Mongols gang member could be free in weeks after sentencing in killing of Pomona SWAT officer

Plus, questions are being raised about two jurors.

ByRob Hayes and Lisa Bartley KABC logo
Wednesday, January 18, 2023
Mongols gang member sentenced to 10 years in killing of Pomona officer
After more than eight years and two trials, the man who killed a Pomona Police officer during a search warrant execution in San Gabriel was sentenced to 10 years in prison on Tuesday.

POMONA, Calif. (KABC) -- After more than eight years and two trials, the man who killed a Pomona Police officer during a search warrant execution in San Gabriel was sentenced to 10 years in prison on Tuesday.

David Martinez, a member of the Mongols gang, admits to shooting SWAT officer Shaun Diamond in the back of his neck with a 12-gauge shotgun during a police raid on his family's home in October 2014. The bullet severed his spine, but Diamond held on for one more day.

"If anyone could get shot in the face and be okay, it would be him," Diamond's daughter Margo Diamond Nelson told the judge of her initial hope that her father would survive.

After doctors said Diamond's brain was no longer functioning, the family made the decision to take him off life support so his organs could be donated.

"We crowded around him while they unplugged the machines and watched his heartbeat grow fainter and fainter," she recalled at Tuesday's sentencing. "I held his lifeless hand; he was so strong it took him a long time to die."

Margo Diamond Nelson said sitting through Martinez's two trials was "an act of real-world love for someone who is no longer here," adding that she never thought jurors could find him not guilty of murdering her father.

"I don't wish David any harm, but I do hope that he is haunted by what he did," she said through tears. "I don't need to forgive David and I never will. He will always be the person who murdered my father. That will never change.''

Martinez testified in his own defense at both trials and claimed that the SWAT officers did not appropriately identify themselves, leading him to believe that fellow Mongols were breaking into his house and that the lives of his family were in jeopardy.

That argument made sense to the juries in two trials. Martinez was found not guilty of first-degree murder in his first trial. When he was later tried for second degree murder, jurors again found him not guilty.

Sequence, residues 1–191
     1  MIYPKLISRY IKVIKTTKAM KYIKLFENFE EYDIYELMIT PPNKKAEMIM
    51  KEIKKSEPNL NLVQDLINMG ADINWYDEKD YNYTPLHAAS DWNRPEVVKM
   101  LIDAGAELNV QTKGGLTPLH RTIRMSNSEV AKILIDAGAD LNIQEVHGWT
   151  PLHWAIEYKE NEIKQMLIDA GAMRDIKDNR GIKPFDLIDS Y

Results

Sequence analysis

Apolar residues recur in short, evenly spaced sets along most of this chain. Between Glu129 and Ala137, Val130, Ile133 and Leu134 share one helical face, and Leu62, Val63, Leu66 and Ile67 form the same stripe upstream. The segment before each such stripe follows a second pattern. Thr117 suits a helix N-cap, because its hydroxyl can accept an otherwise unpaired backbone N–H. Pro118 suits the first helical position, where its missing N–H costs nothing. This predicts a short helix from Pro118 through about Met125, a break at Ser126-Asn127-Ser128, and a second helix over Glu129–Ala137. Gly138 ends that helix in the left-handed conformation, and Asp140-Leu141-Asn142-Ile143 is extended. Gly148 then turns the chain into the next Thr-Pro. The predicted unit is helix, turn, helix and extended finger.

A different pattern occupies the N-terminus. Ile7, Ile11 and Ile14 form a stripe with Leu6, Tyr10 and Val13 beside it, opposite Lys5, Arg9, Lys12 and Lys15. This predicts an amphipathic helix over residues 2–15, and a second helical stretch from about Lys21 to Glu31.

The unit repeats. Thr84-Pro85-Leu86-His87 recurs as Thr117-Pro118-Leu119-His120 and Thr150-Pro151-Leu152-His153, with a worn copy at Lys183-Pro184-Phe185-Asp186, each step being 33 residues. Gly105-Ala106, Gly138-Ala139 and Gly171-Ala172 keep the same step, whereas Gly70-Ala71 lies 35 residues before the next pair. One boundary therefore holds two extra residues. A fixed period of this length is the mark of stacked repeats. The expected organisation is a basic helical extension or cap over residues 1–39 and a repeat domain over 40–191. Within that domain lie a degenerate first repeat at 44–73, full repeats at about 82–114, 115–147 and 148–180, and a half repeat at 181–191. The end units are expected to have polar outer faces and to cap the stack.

"He was acting in self-defense, he was acting to defend his family," said Martinez's defense attorney Brady Sullivan. "And there was overwhelming evidence to support that, which is why both juries acquitted him."

When prosecutors announced last fall that they would try him a third time for voluntary manslaughter, Martinez pleaded no contest to avoid a third trial. As part of the plea, Martinez admitted he shot and killed Diamond, but denied knowing he was a police officer.

"My actions weren't out of malice," said Martinez in court just before his sentencing Tuesday. "My actions were not because I wanted to shoot a police officer. My actions were because I thought there was a threat to my family and that's the truth and that's always been the truth."

Los Angeles County Deputy District Attorney Jack Garden urged the judge to sentence Martinez to the maximum possible term of 33 years to life in prison.

"The defendant armed himself with a shotgun loaded with slug rounds, the most dangerous, damaging type of round - while high on meth - with no care or regard to who was on that porch," Garden said.

Judge Charlaine Olmedo told the courtroom that Diamond's death "left a gaping hole in his community, his department, his family," but said that she had to impose a mid-term sentence of 10 years. She urged Martinez to not to betray the love and support of his family.